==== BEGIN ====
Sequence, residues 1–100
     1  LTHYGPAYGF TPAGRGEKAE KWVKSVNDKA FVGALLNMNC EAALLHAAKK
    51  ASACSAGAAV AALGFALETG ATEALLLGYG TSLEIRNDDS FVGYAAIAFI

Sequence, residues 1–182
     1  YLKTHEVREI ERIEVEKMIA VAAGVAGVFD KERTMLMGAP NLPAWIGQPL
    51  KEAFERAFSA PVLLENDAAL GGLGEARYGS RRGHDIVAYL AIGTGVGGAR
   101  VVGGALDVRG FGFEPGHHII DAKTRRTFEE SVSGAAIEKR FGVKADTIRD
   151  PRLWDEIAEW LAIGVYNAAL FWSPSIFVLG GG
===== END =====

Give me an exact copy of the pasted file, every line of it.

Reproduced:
Sequence, residues 1–100
     1  LTHYGPAYGF TPAGRGEKAE KWVKSVNDKA FVGALLNMNC EAALLHAAKK
    51  ASACSAGAAV AALGFALETG ATEALLLGYG TSLEIRNDDS FVGYAAIAFI

Sequence, residues 1–182
     1  YLKTHEVREI ERIEVEKMIA VAAGVAGVFD KERTMLMGAP NLPAWIGQPL
    51  KEAFERAFSA PVLLENDAAL GGLGEARYGS RRGHDIVAYL AIGTGVGGAR
   101  VVGGALDVRG FGFEPGHHII DAKTRRTFEE SVSGAAIEKR FGVKADTIRD
   151  PRLWDEIAEW LAIGVYNAAL FWSPSIFVLG GG